The end of the month is normally a bit of a relief. Carrying out my monthly SIF portfolio review means that I don’t need to find an interesting new stock to write about. Instead, I’m able to review the folio’s performance and revisit some familiar stocks to see how they’re doing.

I think there’s also a psychological trait at work here. There’s a part of me that’s always keen to take profits on successful positions, even if logic suggests they should be held. Fortunately, my rules prevent such emotional responses. And as I discussed in my stop-loss piece last week, I’m taking steps to try and eliminate losers more effectively so as to maximise the benefit from successful positions.

Incidentally, last week’s piece attracted many excellent comments - thank you for your contributions, I do read them all.

This month doesn’t feel quite as relaxed as usual. I’m blaming this on the gold price, which hit a record high of more than $1,900/oz at the end of last week. The SIF Folio includes two stocks with exposure to gold, so naturally my instinct is that it’s time to sell them. However, as we’ll see, my rules suggest otherwise.

The case for selling seems logical enough to me. The last time gold rose above $1,800 was in 2011, during the previous gold investment boom. You may remember that this coincided with the eurozone crisis.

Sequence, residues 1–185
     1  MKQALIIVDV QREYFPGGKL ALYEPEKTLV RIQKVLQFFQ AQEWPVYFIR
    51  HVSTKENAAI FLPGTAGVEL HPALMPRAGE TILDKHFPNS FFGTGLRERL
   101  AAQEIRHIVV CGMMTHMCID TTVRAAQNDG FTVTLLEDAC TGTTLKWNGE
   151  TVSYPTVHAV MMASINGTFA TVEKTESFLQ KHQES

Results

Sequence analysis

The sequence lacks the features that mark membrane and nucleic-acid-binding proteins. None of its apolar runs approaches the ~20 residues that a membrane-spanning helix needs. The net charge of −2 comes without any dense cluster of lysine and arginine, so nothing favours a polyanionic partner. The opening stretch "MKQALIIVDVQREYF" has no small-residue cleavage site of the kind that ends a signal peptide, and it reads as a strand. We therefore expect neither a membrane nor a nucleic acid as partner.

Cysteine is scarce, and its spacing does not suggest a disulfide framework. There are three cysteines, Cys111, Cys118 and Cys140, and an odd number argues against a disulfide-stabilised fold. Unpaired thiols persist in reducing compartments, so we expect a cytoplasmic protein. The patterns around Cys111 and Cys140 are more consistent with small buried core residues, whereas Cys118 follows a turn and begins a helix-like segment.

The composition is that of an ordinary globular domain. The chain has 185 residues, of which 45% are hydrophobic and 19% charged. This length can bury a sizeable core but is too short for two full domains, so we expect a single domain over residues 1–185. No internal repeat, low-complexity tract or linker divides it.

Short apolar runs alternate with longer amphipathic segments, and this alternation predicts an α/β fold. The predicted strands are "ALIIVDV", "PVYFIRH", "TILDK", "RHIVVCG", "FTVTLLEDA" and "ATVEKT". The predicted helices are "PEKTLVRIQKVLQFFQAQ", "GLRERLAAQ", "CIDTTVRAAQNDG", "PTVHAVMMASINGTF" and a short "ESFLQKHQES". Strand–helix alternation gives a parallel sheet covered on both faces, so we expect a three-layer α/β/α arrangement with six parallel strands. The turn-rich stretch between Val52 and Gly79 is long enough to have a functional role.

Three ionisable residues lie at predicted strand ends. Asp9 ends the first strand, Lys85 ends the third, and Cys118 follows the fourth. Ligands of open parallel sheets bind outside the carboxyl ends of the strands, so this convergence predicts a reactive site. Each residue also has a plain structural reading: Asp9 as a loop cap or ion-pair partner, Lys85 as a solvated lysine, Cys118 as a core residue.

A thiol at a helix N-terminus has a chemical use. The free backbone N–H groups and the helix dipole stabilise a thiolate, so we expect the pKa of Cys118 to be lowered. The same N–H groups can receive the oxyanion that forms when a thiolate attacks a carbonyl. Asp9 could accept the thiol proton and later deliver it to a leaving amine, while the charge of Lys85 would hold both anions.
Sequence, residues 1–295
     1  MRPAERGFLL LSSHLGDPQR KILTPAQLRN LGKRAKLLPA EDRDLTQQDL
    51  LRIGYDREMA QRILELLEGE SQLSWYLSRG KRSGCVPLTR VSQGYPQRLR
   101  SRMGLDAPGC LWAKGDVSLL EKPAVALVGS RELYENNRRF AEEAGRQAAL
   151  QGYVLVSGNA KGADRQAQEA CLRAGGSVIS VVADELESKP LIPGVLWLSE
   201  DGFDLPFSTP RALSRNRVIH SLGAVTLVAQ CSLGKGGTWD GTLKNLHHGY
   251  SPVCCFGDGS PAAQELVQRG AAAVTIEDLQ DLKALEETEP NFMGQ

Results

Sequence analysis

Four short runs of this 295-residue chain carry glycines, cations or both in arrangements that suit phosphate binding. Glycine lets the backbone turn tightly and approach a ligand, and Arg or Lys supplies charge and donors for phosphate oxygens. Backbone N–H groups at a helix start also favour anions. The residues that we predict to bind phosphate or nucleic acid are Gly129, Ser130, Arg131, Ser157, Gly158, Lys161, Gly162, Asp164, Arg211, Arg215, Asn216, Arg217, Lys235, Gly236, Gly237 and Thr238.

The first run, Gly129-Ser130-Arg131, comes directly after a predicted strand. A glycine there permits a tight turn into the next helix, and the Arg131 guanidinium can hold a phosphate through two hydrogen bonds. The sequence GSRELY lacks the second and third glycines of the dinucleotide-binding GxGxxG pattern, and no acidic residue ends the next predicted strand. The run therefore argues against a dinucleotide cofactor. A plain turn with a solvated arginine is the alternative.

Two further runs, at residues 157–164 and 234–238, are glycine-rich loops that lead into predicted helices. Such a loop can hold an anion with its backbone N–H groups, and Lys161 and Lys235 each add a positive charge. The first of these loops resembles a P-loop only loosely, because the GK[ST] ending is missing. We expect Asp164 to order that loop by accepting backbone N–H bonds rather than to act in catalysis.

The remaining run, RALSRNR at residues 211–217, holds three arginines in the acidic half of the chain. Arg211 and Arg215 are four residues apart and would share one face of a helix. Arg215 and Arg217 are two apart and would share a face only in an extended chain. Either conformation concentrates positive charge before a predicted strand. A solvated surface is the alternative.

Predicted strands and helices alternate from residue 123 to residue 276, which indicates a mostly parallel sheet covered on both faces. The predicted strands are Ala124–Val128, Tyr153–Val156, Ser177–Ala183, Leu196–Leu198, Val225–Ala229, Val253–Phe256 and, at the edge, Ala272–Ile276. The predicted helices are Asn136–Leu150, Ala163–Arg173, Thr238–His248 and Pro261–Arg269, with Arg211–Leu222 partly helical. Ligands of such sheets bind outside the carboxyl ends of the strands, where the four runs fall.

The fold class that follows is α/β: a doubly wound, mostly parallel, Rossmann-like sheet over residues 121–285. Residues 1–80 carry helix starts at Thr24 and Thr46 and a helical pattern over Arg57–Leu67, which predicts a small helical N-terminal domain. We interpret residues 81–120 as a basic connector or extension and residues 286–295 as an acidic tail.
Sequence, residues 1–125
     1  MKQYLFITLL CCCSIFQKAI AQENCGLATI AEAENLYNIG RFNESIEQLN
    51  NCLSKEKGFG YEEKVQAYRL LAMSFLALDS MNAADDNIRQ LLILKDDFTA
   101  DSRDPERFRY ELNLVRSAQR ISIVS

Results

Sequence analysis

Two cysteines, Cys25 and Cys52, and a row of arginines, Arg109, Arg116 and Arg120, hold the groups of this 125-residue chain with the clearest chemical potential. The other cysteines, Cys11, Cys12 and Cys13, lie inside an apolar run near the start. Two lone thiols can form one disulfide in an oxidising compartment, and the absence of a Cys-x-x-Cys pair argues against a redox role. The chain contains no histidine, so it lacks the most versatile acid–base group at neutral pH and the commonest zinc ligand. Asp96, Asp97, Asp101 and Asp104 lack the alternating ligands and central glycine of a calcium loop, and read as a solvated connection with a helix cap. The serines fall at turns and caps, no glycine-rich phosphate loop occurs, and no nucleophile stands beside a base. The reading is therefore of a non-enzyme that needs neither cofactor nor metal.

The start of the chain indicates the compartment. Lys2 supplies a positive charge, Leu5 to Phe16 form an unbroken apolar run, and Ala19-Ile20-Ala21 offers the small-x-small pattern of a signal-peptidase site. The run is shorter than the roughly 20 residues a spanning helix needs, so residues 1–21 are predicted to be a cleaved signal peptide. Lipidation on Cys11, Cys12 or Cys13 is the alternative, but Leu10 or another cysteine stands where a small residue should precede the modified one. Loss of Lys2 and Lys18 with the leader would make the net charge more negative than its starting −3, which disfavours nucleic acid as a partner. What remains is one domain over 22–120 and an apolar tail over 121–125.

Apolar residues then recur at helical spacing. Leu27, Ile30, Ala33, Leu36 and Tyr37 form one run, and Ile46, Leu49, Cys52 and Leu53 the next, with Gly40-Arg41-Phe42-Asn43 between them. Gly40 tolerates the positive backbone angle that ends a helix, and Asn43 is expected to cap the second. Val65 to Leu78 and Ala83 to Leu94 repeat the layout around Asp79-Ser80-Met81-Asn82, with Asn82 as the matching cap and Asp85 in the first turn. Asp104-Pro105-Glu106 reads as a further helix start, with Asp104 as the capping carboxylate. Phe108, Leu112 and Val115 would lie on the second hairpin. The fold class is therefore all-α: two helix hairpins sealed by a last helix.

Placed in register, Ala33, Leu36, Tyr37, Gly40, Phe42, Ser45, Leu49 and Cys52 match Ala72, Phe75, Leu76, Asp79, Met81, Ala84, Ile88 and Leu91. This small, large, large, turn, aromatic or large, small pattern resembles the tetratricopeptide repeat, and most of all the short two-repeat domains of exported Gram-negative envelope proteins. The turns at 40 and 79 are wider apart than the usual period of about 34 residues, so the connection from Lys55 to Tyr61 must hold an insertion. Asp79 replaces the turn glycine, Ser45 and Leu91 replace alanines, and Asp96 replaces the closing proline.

But despite the existential threat to the EU, the gold price soon started to fall as investors remembered that it’s an unproductive asset that never grows or generates any income (tin hat on).

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Source: IG Index

For a gold cynic like me, what we’re seeing now is likely to be a repeat of the 2011 boom. I see that gold is now overbought on RSI for the first time since 2011. However, even if I’m right, there’s no way to predict when the gold price might start to head south.

In any case, momentum is a powerful force. Gold bugs have done very well this year and concerns about the medium-term impact of COVID-19 remain high. As Ed commented in his latest SNAPS review, “there could be a long way to run in precious metal stocks yet”.

SIF folio review

The portfolio currently contains three shares that have been in SIF for at least nine months,…

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